To be Medicaid compliant, meaning a funeral trust won’t count as an asset for eligibility purposes, the trust must be irrevocable. This means the funds in the trust cannot be refunded, nor can the trust be cancelled or changed. As far as Medicaid is concerned, the funds in this type of funeral trust no longer belong to the applicant. Once the Medicaid beneficiary passes away, the funds are used to pay for funeral, memorial, burial, and other final expenses.

Some states require a Goods and Services (G&S) Statement. This is basically an itemized list of the goods and services for which one is paying, the sum of which must match the amount of the Irrevocable Funeral Trust. In G&S states, this statement is required to prevent an “improper transfer’, or in other words, a violation of Medicaid’s look back rule. Failure to provide this statement can result in a penalty period of Medicaid ineligibility. In 2022, it is thought that the following states require a Goods and Services Statement: Alabama, Arizona, Arkansas, Kansas, Massachusetts, Minnesota, Missouri, Nevada, New Hampshire, New Jersey, Tennessee, West Virginia, Wisconsin, and Wyoming.

Some states have two maximum Irrevocable Funeral Trust amounts based on if one provides a Goods and Services Statement. For example, Illinois allows up to $6,562 without a G&S statement and $15,000 with it.

Most states require that the state be named as a residual beneficiary of the trust. This means that any remaining funds after funeral and burial costs go to the state to offset the cost of care in which Medicaid paid. This is part of Medicaid’s estate recovery program in which the state attempts recovery of Medicaid long-term care costs.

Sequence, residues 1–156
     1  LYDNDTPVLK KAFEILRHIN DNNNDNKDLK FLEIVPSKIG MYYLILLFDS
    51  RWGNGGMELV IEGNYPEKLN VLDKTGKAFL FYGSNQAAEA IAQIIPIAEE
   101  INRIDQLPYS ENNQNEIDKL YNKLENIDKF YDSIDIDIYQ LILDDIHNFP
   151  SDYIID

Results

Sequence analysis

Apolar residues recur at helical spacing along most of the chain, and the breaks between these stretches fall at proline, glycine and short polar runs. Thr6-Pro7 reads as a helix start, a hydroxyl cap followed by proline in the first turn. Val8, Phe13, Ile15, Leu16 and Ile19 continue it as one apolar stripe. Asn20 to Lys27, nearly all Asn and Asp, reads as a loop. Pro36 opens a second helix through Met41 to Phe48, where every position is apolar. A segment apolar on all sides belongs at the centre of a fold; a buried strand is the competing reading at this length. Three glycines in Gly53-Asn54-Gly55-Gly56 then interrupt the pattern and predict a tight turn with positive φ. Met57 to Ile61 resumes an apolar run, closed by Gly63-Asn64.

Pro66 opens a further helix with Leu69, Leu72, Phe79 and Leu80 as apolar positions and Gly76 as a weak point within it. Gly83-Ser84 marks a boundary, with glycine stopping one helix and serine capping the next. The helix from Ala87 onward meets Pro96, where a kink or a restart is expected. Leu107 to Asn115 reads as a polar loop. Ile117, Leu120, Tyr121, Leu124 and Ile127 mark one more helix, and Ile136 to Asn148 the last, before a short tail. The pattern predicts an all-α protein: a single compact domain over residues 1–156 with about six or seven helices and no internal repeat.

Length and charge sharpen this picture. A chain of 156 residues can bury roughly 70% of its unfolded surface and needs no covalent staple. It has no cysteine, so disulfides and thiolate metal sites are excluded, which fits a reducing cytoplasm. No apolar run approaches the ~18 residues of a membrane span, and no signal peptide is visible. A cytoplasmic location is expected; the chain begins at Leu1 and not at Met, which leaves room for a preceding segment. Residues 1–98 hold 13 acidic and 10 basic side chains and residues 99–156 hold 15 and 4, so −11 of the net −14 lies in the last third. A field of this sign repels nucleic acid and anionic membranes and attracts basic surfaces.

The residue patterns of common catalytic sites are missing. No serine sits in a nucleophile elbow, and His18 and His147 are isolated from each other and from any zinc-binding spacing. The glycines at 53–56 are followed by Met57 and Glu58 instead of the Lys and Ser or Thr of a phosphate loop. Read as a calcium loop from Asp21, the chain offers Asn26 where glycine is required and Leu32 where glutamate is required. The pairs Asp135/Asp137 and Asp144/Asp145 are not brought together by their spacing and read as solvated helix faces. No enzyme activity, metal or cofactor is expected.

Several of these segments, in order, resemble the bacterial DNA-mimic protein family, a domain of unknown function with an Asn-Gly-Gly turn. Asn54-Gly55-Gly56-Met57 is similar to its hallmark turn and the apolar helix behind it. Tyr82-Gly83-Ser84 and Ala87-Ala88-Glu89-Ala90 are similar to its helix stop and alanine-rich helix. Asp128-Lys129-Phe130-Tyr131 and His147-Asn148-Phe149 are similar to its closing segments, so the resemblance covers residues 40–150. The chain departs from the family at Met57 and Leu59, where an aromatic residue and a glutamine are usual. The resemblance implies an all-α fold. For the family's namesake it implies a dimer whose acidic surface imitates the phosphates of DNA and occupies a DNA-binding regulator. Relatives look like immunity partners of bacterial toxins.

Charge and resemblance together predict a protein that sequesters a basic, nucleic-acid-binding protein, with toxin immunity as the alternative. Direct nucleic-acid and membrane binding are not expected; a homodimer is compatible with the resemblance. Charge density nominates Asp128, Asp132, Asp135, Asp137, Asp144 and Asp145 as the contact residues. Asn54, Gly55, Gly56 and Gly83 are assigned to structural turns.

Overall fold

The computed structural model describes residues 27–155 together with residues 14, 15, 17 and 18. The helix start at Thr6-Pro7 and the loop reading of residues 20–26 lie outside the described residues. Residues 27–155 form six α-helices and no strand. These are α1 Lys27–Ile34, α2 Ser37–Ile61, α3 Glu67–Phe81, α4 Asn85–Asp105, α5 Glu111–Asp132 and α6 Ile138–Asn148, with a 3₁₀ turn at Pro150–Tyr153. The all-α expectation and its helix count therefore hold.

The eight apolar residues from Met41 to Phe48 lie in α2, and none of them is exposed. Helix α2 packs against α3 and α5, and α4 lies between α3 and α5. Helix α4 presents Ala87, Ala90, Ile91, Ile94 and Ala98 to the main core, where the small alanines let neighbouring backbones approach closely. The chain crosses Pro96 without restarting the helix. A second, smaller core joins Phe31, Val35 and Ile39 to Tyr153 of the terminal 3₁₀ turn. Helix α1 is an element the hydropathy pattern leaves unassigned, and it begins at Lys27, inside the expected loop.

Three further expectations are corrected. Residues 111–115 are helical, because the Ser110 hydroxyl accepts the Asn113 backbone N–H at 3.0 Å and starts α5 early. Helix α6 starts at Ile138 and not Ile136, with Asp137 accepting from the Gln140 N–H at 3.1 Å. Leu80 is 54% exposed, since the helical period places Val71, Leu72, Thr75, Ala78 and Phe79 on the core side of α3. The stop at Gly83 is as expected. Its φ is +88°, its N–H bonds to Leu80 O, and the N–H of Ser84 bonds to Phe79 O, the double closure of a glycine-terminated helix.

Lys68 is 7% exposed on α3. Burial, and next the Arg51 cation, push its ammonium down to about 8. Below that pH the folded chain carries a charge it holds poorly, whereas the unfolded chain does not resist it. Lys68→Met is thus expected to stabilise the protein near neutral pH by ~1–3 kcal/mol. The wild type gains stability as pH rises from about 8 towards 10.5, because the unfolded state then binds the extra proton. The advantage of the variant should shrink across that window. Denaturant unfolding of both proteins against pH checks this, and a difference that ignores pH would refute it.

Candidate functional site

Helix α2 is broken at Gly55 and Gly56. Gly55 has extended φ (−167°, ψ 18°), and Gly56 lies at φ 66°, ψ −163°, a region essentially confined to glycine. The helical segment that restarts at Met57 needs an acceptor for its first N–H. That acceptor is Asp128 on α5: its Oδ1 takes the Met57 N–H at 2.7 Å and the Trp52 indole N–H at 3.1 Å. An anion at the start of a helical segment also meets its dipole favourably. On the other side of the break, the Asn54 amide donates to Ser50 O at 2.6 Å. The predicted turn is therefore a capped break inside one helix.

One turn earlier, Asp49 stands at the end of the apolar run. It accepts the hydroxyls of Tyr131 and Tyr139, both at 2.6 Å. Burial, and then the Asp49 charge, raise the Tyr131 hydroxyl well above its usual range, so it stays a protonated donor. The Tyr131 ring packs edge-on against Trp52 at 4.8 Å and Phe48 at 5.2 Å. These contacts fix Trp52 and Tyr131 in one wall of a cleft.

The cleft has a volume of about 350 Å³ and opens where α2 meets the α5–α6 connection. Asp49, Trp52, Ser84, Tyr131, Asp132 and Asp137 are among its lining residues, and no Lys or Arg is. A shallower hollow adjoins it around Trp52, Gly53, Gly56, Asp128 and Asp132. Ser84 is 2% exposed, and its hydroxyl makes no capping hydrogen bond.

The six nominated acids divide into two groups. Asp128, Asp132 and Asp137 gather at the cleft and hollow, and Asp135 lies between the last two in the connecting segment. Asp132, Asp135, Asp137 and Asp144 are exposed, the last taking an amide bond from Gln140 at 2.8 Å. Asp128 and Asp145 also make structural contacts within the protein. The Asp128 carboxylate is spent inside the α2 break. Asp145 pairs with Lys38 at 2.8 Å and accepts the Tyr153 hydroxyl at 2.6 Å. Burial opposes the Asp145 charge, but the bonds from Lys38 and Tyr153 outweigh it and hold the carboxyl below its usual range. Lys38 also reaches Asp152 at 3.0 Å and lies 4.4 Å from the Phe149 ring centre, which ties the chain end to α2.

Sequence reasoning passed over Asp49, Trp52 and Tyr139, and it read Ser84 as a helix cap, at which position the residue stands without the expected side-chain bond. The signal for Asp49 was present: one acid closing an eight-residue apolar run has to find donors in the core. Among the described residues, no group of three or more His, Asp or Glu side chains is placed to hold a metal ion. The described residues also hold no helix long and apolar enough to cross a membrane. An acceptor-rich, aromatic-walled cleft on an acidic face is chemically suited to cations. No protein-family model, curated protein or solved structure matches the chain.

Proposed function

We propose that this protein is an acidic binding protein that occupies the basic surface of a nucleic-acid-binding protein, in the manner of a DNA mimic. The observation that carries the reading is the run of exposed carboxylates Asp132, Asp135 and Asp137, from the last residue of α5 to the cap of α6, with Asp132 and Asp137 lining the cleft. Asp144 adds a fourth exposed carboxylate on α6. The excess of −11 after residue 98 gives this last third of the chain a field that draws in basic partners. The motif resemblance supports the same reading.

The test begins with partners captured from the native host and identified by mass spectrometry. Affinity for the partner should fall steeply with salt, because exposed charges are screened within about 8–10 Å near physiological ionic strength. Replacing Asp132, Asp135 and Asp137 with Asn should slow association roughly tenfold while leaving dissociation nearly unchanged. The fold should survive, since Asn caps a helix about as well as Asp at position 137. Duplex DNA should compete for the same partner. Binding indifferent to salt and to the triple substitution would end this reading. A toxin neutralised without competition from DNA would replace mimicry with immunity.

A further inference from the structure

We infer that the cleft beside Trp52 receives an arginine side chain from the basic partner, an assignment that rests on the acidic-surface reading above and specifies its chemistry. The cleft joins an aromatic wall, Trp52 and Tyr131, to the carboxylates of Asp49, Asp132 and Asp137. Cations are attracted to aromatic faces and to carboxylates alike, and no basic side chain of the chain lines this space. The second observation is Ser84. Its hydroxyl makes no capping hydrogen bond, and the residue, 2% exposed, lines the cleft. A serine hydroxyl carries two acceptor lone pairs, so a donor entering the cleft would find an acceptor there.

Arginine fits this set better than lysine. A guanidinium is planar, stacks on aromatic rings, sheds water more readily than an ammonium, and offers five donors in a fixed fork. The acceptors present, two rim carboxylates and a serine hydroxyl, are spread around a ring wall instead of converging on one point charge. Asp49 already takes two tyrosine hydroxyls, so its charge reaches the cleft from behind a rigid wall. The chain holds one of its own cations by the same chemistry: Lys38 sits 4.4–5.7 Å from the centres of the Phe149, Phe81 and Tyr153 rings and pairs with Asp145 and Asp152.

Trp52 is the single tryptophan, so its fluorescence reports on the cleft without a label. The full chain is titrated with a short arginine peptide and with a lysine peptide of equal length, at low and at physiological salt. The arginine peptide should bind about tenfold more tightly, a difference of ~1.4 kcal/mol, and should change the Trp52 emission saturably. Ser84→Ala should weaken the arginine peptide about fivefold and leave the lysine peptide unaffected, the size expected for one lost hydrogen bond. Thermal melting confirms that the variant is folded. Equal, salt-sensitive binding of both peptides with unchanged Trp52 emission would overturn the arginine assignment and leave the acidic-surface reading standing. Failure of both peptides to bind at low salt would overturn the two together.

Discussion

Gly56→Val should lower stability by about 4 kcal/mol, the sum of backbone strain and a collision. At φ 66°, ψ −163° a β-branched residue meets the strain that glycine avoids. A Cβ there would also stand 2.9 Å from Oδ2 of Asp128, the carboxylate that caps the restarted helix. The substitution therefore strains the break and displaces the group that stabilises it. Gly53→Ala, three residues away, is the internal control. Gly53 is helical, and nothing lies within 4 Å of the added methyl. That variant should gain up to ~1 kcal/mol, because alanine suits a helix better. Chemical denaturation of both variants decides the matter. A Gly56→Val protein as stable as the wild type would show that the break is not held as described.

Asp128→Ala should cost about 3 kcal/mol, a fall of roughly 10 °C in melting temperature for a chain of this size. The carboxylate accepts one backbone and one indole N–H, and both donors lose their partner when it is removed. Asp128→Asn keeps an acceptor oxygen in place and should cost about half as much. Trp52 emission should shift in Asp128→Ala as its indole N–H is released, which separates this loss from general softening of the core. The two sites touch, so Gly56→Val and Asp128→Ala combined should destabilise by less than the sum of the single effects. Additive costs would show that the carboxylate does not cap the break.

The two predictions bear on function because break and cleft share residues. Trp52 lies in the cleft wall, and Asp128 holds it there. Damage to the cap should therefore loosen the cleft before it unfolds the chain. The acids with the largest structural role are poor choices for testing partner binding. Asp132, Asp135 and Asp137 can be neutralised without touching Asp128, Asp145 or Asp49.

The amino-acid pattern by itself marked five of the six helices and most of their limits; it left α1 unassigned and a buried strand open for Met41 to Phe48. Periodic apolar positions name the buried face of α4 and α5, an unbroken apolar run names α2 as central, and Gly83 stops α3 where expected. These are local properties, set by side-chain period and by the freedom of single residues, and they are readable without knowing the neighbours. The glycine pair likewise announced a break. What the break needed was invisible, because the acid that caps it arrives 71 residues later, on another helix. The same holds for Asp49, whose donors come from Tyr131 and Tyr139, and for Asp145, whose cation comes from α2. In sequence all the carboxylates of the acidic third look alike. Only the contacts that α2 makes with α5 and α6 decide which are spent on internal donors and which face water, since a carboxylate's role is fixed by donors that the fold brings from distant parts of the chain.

Benefits of Funeral Trusts

There are several benefits to purchasing an Irrevocable Funeral Expense Trust, some of which have already been discussed above.

  • They turn countable assets into noncountable assets for Medicaid eligibility purposes. Not only can an Irrevocable Funeral Trust be purchased for the Medicaid applicant, but also for immediate relatives, such as spouses and children, further allowing “spend down” of countable assets.
  • They do not violate Medicaid’s look-back period. Therefore, there is no penalty for creating this type of funeral trust.
  • They do not restrict which funeral home can be utilized upon the death of the trust beneficiary. Any funeral home, located anywhere in the United States is an option.
  • Relatives can make funeral arrangements as they see fit, as in most cases, arrangements are not pre-specified.
  • Relatives of the deceased do not have pay for burial and funeral costs.
  • They cover all funeral and burial expenses.

 

What Expenses can be Paid with a Funeral Trust?

Funds in a funeral trust can cover a wide variety of final expenses. This list may not be exhaustive.

  • Funeral home usage
  • Service charge of funeral director and staff
  • Clergy fee
  • Musicians for service
  • Death certificate
  • Printed Death Notices
  • Embalming
  • Casket / Burial vault
  • Burial plot
  • Headstones / Monuments
  • Cemetery fees
  • Hearse / Limousines
  • Dressing and casketing
  • Clothing
  • Makeup and hairstyling
  • Cremation
  • Urn
  • Flowers**
  • Travel expenses for relatives to come to the funeral**

**Flowers and travel expenses for relatives to come to the funeral are not allowable expenses for Medicaid-compliant IFTs in every state. Persons should consult a Medicaid planning professional in their state to inquire if these expenses are allowed.

 

Do all States Allow Funeral Trusts?

All states, but two, allow Irrevocable Funeral Trusts as a means to lower countable assets for Medicaid eligibility purposes. These states are Michigan and New York. While IFTs are not available for this purpose, Irrevocable Pre-Need Funeral Agreements (or Pre-Paid Funeral Contracts) are permissible.

 

Is There a Max Amount / Practical Limit?

While not all states limit the amount of money that can be put into an Irrevocable Funeral Trust, it’s important to deposit only a reasonable amount. Funds cannot be used for anything other than funeral and burial expenses. Since most states require that they be listed as the residual beneficiary, funds that aren’t spent on final expenses will go to the state.

Most states set the limit for IFTs at $15,000, but some states set a lower figure. Remember, an Irrevocable Funeral Trust can be established for each immediate member of one’s family up to the maximum allowed amount.